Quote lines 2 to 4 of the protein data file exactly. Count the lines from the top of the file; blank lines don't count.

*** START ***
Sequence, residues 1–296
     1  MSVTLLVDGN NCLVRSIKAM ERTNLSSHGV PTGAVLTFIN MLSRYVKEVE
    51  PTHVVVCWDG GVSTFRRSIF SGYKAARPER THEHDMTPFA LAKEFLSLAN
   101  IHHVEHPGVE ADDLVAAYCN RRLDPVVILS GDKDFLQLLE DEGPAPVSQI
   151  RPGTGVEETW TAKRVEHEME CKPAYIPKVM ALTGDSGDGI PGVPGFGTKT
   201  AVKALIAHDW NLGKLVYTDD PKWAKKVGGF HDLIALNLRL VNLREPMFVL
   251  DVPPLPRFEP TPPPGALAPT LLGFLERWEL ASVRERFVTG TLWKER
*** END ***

     1  MSVTLLVDGN NCLVRSIKAM ERTNLSSHGV PTGAVLTFIN MLSRYVKEVE
    51  PTHVVVCWDG GVSTFRRSIF SGYKAARPER THEHDMTPFA LAKEFLSLAN
   101  IHHVEHPGVE ADDLVAAYCN RRLDPVVILS GDKDFLQLLE DEGPAPVSQI